Sunday, March 29, 2015

Stephen Weinberg Omits God in Explaining Value of Higgs Boson

Stephen Weinberg explains the Higgs Boson and its value to humanity. Getting us closer to God wasn't mentinoed.

Stephen Weinberg Omits God in Explaining Value of Higgs Boson

Apparently I’m the laughing stock of certain Philadelphia neighborhoods – or so says a reader who called this morning to complain about the Higgs Boson story that ran Monday in print and online over the weekend. He said his neighbors usually enjoy laughing at me for being an “atheist” and “evolution freak” but this week they got an extra shot of mirth over my taking God out of the God particle. He pointed out that it was front page news that they’d found the God particle and I’d purposely omitted the very important connection between particle physics and the almightly. What was I thinking? Physicists just proved there’s a God and I’m trying to cover it up! Ha Ha.

My trusted co-blogger and I have dealt with the “God Particle” moniker in previous  posts. Physicists treat the term like flatulence in an elevator.  Unable to blame the dog, some point at “the media”. The original source is apparently a 1993 book about particle physics by University of Chicago physicist Leon Lederman. He’s known for repeating the tired line that he originally wanted to call it the “God damned particle” but his editor wouldn’t let him.

Another piece that omitted the lord appeared on the op-ed page of the New York Times. The author was Stephen Weinberg, a theorist and one of the key architects of the current theory of matter known as the standard model. He’s a Nobel laureate and also an accomplished popularizer of his field.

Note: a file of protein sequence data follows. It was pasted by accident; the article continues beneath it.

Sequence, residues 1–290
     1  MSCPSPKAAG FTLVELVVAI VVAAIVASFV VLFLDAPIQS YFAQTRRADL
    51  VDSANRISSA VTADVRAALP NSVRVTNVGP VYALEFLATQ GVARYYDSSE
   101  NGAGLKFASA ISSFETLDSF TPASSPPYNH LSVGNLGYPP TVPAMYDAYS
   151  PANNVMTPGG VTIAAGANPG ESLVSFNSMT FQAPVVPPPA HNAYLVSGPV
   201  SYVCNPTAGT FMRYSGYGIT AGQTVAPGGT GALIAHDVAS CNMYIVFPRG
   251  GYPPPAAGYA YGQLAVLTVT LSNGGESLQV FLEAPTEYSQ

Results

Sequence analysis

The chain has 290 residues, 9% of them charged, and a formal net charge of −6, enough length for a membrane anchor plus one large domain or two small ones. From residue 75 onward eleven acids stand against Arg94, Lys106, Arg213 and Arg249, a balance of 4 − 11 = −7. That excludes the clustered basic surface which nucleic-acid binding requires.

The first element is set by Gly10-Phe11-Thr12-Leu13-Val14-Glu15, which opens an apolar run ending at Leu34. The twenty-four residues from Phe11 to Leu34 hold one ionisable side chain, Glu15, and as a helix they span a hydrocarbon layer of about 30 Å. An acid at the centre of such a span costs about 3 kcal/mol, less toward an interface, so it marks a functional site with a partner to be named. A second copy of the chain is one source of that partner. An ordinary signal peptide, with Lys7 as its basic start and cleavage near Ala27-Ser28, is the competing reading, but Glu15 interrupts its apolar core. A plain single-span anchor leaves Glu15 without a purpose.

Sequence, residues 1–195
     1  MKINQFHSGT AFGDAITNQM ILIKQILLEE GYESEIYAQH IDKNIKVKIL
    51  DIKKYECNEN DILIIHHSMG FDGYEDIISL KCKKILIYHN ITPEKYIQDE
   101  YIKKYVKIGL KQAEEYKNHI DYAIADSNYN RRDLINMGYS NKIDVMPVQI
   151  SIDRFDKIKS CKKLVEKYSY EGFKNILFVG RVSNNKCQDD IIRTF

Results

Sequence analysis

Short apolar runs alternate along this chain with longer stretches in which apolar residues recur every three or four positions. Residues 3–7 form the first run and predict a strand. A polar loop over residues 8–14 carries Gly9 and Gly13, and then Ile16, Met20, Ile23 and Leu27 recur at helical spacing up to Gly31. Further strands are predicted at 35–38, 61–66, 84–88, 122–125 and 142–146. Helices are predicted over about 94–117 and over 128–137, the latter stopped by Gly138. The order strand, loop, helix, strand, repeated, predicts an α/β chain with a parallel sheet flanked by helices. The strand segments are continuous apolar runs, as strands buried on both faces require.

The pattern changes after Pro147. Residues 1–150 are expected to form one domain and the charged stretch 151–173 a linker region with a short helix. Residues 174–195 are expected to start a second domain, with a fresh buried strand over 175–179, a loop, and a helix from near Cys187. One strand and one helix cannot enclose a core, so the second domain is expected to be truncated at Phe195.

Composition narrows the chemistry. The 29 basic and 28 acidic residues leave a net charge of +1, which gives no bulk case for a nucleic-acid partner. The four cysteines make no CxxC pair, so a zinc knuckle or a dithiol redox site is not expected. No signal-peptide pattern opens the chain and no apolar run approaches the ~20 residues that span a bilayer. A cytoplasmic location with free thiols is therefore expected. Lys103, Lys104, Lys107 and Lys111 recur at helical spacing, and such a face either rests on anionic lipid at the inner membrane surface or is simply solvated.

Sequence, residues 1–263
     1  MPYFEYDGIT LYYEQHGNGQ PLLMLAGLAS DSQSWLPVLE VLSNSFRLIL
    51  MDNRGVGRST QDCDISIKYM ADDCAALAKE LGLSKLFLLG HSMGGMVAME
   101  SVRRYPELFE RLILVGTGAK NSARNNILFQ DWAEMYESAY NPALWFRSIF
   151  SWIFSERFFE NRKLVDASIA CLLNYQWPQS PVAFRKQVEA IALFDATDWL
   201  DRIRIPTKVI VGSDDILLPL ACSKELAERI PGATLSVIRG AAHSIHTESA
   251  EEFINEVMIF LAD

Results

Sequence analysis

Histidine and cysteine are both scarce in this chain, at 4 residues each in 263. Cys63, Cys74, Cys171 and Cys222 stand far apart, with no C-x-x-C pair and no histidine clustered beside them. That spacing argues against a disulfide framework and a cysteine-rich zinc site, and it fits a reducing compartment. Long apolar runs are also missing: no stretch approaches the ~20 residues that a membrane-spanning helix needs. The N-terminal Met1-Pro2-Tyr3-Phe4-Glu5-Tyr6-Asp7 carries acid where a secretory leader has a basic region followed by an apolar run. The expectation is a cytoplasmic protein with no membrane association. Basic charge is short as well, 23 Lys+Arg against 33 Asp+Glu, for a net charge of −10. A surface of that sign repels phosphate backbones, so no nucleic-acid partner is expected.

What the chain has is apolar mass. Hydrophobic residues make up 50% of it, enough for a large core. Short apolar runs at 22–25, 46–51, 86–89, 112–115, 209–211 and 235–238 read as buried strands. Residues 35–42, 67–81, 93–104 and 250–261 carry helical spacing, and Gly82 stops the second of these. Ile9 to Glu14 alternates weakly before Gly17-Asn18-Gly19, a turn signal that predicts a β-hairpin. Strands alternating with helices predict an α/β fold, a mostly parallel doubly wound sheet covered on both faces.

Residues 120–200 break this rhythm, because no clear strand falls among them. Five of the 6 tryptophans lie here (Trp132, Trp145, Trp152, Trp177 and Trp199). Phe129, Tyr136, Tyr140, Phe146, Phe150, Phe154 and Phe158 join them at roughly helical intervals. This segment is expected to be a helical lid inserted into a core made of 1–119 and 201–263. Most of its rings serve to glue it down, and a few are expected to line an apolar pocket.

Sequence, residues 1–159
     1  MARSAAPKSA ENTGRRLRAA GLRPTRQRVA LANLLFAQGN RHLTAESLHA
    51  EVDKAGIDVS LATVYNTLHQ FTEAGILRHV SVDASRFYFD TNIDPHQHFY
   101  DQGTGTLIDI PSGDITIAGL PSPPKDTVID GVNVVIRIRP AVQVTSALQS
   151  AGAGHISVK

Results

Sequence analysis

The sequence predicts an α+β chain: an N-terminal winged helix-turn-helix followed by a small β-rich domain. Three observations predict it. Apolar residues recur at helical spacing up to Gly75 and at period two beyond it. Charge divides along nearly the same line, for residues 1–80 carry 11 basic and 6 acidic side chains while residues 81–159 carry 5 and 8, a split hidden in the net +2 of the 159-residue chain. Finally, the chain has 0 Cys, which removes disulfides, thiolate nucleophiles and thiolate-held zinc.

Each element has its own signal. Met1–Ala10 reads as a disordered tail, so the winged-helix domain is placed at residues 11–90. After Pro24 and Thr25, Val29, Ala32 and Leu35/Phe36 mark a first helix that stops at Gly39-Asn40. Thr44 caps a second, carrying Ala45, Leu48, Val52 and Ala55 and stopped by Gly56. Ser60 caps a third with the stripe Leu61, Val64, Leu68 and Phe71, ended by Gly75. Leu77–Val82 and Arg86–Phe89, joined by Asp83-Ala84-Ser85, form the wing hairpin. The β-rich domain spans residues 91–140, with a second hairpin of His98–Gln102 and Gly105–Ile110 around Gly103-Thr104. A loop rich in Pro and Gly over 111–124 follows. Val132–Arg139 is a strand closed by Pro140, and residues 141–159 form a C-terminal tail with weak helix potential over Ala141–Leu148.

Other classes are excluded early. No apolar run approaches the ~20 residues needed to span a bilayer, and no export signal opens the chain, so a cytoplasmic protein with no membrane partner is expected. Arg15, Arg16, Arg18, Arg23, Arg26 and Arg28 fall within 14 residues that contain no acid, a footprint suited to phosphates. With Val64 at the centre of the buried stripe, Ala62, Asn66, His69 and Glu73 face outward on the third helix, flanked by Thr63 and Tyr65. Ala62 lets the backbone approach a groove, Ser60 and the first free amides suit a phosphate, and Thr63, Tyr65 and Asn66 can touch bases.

In his piece, Weinberg explained something about standard model, what it is and how the Higgs field fits in. He also answered one of the questions that several readers have posed – what good is a Higgs Boson? 

…..those who do have to ask whether learning the laws of nature is worth the billions of dollars it costs to build particle accelerators. ….A case can be made for this sort of spending, even to those who don’t care about learning the laws of nature. Exploring the outer frontier of our knowledge of nature is in one respect like war: It pushes modern technology to its limits, often yielding new technology of great practical importance.
For instance, the new particle was produced at CERN in collisions of protons that occur at a rate of over a hundred million collisions per second. To analyze the flood of data produced by all these collisions requires real time computing of unmatched power. Also, before the protons collide, they are accelerated to an energy over 3,000 times larger than the energy contained in their own masses while they go many times around a 27-kilometer circular tunnel. To keep them in their tracks requires enormously strong superconducting magnets, cooled by the world’s largest source of liquid helium. In previous work at CERN, elementary particle physicists developed a method of sharing data that has become the World Wide Web.
On a longer time scale, the advance of technology will reflect the coherent picture of nature we are now assembling. At the end of the 19th century physicists in England were exploring the properties of electric currents passing through a near vacuum. Although this was pure science, it led to our knowledge of the electron, without which a large part of today’s technology would be impossible. If these physicists had limited themselves to work of obvious practical importance, they would have been studying the behavior of steam boilers.

Read the whole piece here. There is no mention of God.

About this blog
Faye Flam - writer
In pursuit of her stories, writer Faye Flam has weathered storms in Greenland, gotten frost nip at the South Pole, and floated weightless aboard NASA’s zero-g plane. She has a degree in geophysics from the California Institute of Technology and started her writing career with the Economist. She later took on the particle physics and cosmology beat at Science Magazine before coming to the Inquirer in 1995. Her previous science column, “Carnal Knowledge,” ran from 2005 to 2008. Her new column and blog, Planet of the Apes, explores the topic of evolution and runs here and in the Inquirer’s health section each Monday. Email Faye at Reach Planet of the at

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